Measuring functional brain recovery in regenerating planarians by assessing the behavioral response to the cholinergic compound cytisine
Open Access | Original Article | Published: 10 September 2020
Oné R. Pagán*, Debra L. Baker, Sean Deats, Mary O’Brien, Rochelle Dymond and Gabriella DeMichele
Department of Biology, West Chester University West Chester, PA, USA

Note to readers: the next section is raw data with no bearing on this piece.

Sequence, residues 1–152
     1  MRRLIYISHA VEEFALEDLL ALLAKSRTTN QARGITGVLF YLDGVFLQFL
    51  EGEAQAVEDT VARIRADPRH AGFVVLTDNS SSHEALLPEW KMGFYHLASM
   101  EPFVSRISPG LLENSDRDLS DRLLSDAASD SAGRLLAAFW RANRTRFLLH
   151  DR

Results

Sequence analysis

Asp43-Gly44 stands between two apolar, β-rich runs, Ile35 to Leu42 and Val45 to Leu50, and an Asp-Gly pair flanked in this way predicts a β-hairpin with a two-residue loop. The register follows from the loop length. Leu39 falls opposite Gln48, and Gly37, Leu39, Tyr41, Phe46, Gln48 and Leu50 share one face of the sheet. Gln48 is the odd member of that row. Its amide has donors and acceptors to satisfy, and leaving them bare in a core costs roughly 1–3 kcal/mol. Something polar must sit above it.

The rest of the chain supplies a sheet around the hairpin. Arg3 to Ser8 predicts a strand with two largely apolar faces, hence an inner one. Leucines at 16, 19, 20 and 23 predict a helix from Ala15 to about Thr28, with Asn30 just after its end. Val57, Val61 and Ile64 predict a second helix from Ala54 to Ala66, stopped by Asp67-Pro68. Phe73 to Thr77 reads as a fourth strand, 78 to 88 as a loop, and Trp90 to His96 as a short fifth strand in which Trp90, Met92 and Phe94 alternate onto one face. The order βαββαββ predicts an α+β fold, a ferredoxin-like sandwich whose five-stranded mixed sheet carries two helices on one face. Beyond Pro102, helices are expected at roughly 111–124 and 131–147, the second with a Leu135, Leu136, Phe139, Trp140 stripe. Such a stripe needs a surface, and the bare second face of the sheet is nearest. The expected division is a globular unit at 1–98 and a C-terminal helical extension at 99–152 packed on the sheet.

Planarians are traditional model invertebrates in regeneration and developmental biology research that also display a variety of quantifiable behaviors useful to screen for pharmacologically active compounds. One such behavior is the expression of seizure-like movements (pSLMs) induced by a variety of substances. Previous work from our laboratory showed that cocaine, but not nicotine, induced pSLMs in intact but not decapitated planarians. Interestingly, as decapitated planarians regenerated their heads, they gradually recovered their sensitivity to cocaine. These results suggested a method to assess planarian brain regeneration and a possible way of identifying compounds that could enhance or hold back brain regeneration. In the present work, we demonstrate that the cholinergic agent cytisine is a suitable reference compound to apply our method. Cytisine induces pSLMs in a concentration-dependent manner in intact (but not decapitated) planarians of the species Girardia tigrina. Based on our data, we developed a behavioral protocol to assess planarian brain regeneration over time. We tested this method to measure the effect of ethanol on G. tigrina’s brain regeneration. We found that ethanol slows down the rate of planarian brain regeneration in a concentration-dependent manner, consistently with data from other research groups that tested ethanol effects on planarian brain regeneration using different behavioral protocols. Thus, here we establish a general method using cytisine-induced pSLMs as an indicator of brain regeneration in planarians, a method that shows potential for assessing the effect of pharmacologically active compounds in this process.